This image that I spotted on the excellent Delicious Industries site the other day definitely made me chuckle. It is amusing, well-designed, memorable, and frankly just really cool. Certainly all qualities that can often be lacking in advertising today. I gather the copy writer and artist were trying to emphasize the wholesomeness and adherence to the dairy company’s commitment to quality and freshness. Other images in the series of spots illustrate the cow driving a farm tractor and churning the butter (although I imagine the lack of opposable thumbs would make that feat kind of tricky).
But after thinking about the images a bit more, I think there is a larger, more general message as well. That is without the cows who provide the essential raw materials for the dairy’s products, then well, there are no products. Sure, farmers look after the cows health and well-being, engineers design systems and machinery to efficiently collect the raw milk and then process it accordingly, and a small army of marketers, salespeople, logistics pros, accountants, HR folks, and all kinds of others move in and around the process making sure the raw milk turns in to end products, the products are packaged, sold, shipped, counted up, paid for, and that the people involved in the process are also paid, trained, and otherwise looked after.
More and more companies, and consequently increasingly numbers of jobs don’t actually involve making anything tangible like butter or cheese. So the intangible end products and services then must have intangible raw materials as well. The ideas, insights, and eureka moments that can improve, alter, redefine, or reinvent the product or process or simply the way that the all the support people in the organization go about their work, these are the new raw materials, the raw milk if you will of the new enterprise. In the butter making business, acquiring the raw milk really isn’t the hard part, sure capital and some expertise is required, but for the most part the getting the right cows pretty much guarantees a steady supply of raw materials. After a while the business success and survival depends almost totally on what happens after the raw materials arrive. The super stars of the organization often were the ones farthest remove from where the raw milk was produced and came in the door.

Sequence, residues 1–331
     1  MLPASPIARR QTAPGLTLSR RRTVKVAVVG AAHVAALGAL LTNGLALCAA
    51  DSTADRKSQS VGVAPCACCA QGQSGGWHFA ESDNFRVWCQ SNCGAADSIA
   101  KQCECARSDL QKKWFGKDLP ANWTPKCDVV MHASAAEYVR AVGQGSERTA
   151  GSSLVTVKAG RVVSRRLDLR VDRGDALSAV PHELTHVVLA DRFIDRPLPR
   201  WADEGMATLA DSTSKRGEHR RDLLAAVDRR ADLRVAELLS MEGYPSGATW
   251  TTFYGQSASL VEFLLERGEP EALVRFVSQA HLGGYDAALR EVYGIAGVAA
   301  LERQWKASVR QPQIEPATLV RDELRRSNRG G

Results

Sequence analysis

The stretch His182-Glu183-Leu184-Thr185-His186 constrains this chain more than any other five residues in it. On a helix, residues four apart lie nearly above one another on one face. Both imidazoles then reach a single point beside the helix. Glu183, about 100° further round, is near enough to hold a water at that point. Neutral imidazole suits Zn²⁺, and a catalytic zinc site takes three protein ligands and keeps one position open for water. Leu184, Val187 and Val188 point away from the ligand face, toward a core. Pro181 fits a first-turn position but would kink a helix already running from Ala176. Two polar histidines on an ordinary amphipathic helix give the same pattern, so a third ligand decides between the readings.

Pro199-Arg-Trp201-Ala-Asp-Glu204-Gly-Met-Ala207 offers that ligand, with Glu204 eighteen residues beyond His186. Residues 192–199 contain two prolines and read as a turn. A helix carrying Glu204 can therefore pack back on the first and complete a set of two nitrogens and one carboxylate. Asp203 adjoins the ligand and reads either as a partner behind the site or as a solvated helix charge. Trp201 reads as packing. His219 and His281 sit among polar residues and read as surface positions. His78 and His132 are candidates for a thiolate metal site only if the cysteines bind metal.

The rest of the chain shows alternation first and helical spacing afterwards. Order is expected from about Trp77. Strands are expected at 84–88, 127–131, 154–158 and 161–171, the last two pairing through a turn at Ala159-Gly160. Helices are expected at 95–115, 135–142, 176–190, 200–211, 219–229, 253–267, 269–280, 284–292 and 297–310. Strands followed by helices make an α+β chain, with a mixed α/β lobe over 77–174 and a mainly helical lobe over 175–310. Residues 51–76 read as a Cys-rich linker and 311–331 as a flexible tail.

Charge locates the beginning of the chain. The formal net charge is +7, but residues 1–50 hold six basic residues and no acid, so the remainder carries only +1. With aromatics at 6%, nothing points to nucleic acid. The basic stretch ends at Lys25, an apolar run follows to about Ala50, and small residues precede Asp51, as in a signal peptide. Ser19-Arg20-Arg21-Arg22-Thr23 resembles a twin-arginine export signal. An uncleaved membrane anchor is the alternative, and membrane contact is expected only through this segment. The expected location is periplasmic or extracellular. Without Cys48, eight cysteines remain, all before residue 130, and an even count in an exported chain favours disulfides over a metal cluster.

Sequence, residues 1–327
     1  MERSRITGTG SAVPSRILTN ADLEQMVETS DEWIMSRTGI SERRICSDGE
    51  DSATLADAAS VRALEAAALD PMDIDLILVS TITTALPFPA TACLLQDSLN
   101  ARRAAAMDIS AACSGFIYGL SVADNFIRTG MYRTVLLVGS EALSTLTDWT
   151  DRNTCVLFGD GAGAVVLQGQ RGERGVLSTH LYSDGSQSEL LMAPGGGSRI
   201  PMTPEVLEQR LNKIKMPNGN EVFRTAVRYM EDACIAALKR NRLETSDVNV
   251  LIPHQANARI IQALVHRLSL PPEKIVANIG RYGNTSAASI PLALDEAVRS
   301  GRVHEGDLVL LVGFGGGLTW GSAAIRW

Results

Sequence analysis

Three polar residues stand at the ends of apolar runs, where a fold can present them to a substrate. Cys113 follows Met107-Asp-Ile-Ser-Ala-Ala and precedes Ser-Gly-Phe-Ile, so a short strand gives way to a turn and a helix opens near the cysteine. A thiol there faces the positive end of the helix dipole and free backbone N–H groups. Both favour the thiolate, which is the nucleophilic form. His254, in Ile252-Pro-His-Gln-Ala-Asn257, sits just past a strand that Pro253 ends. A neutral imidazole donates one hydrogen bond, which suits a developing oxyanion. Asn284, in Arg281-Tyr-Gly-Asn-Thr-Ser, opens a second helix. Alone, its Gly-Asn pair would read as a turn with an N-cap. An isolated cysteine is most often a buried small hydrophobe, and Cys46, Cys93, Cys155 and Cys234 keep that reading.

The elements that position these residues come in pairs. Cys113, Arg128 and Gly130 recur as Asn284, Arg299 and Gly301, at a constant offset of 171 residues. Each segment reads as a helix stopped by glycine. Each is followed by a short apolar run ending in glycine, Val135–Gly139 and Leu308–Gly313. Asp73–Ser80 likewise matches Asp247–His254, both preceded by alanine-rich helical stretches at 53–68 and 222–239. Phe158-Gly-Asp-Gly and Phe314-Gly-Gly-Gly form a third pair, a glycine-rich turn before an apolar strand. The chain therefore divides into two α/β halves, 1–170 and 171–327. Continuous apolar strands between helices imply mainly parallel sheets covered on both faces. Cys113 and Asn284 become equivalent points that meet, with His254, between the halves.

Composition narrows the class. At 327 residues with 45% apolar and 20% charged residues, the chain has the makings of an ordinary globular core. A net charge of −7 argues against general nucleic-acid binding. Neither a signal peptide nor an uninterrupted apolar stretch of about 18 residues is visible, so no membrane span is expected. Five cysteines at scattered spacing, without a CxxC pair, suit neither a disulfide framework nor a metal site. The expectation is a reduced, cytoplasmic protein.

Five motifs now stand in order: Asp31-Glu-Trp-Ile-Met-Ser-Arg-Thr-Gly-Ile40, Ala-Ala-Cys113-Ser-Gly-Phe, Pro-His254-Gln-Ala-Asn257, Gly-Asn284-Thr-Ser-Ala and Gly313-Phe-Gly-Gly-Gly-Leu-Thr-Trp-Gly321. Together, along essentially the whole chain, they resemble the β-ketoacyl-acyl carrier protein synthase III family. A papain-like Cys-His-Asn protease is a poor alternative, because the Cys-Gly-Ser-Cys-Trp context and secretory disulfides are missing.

Now success, and the people that might be the most valuable contributors to that success are the ones that provide the raw materials. The ideas. The breakthroughs. It used to be a pretty lousy position to be in, to be strapped to a milking machine a few times a day. Now, if you are someone that can consistently produce the raw materials of the enterprise, you are in a really prime position.
So which one are you? A cow, or someone who looks after the cows?